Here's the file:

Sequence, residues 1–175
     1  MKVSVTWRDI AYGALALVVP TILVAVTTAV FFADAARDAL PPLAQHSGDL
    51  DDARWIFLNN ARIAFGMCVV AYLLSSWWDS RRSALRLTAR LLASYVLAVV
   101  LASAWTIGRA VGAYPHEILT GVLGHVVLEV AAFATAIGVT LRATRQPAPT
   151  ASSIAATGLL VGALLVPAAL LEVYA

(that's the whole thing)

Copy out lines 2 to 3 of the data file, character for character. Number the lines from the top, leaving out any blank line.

     1  MKVSVTWRDI AYGALALVVP TILVAVTTAV FFADAARDAL PPLAQHSGDL
    51  DDARWIFLNN ARIAFGMCVV AYLLSSWWDS RRSALRLTAR LLASYVLAVV